A recent judgment (German FCJ, 9 June 2016, IX ZR 314/14) relates to the interface between the German master agreement for financial derivative transactions (GMA) and sec. 104 of the German Insolvency Statute (InsO).
The plaintiffs were shareholders and option sellers. The defendant was a trading company and an option buyer. The parties entered into a GMA including a netting agreement. The agreement set out provisions for arrangements on the filing for insolvency of either party. These terms provided detailed rules relating to the calculation of compensation for the solvent party, in conflict with those set out in sec. 104 InsO.
The federal court held that the application of sec. 104 InsO is mandatory. Accordingly, an insolvency administrator does not have the right to choose whether to fulfil a (partially) performed contract or not, if the sale was for a fixed price on a specific date after the insolvency. The contract is terminated by law. Thus the other party cannot claim performance, but is limited to damages based on non-performance of such contract.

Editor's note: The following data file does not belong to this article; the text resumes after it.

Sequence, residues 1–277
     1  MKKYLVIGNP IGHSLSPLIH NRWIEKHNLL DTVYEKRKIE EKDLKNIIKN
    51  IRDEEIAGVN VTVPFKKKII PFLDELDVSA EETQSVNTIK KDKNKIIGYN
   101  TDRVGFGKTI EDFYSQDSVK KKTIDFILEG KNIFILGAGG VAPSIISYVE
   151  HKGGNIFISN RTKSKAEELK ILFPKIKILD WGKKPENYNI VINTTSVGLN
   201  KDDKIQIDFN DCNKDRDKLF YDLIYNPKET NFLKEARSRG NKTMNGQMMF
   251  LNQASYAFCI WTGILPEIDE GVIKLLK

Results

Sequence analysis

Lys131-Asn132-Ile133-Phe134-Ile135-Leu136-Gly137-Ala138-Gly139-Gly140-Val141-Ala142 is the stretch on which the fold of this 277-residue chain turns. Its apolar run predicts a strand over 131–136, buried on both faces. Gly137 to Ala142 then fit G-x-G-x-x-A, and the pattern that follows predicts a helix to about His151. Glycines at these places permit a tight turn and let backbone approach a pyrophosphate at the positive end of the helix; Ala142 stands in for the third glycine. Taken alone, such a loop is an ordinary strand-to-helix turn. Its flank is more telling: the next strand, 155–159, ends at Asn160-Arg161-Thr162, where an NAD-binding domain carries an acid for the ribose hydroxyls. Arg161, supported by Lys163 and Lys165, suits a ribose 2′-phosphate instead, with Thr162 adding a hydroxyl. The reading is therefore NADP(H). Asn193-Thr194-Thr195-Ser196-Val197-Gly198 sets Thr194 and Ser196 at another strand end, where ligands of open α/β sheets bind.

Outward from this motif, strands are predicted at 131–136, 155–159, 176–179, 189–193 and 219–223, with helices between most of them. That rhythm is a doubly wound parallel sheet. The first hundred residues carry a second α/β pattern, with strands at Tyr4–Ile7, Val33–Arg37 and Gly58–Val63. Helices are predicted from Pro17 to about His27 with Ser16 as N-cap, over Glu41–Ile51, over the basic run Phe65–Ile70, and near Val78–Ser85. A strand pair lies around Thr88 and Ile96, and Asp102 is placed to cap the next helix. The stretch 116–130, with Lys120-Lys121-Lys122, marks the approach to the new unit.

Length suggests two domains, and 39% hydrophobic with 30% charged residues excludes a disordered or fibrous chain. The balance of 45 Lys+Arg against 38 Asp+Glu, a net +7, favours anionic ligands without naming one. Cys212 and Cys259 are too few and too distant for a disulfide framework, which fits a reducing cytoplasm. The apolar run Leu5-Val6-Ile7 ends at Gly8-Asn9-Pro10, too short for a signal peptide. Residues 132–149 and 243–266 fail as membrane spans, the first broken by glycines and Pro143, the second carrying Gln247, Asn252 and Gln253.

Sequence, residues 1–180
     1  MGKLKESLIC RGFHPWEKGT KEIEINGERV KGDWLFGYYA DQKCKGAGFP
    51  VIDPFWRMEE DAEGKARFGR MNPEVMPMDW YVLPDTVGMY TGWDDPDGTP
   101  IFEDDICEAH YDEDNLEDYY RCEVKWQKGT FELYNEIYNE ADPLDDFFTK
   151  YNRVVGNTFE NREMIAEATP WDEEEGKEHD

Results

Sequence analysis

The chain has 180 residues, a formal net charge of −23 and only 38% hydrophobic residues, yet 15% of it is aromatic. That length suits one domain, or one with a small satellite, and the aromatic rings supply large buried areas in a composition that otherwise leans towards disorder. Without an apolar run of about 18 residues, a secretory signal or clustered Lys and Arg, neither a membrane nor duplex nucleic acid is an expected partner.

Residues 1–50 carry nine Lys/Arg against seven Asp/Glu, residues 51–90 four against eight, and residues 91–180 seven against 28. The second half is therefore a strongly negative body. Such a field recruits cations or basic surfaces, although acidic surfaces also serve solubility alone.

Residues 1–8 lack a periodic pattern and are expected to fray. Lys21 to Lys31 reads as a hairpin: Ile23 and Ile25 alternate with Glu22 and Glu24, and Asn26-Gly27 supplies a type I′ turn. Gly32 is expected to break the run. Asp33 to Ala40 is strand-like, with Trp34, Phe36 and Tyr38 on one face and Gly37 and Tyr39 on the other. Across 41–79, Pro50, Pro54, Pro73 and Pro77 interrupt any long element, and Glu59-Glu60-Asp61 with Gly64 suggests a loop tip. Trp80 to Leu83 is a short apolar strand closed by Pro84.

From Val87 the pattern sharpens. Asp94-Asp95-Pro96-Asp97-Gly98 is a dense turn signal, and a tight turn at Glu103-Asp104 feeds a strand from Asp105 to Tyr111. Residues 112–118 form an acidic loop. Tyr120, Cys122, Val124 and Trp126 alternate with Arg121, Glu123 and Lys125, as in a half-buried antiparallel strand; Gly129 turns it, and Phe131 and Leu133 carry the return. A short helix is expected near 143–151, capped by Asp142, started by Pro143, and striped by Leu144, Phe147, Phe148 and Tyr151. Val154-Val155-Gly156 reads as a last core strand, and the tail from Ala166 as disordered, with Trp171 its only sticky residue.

Sec. 104 InsO aims at protecting the estate from speculative ‘dealing’ by an insolvency administrator. It would therefore be contradictory to limit an administrator’s rights concerning such contracts whilst enabling the parties to circumvent the legislation via the GMA. Consequently, the clause was invalid and sec. 104 InsO applied.
Although unsurprising, the judgment has had a major effect on the financial sector, as such netting agreements are standard for derivative transactions. They reduce the risks of banks in line with the Capital Requirements Regulation.
The German legislature has now declared its intention to consider amending this law to preserve netting arrangements and protect the financial sector.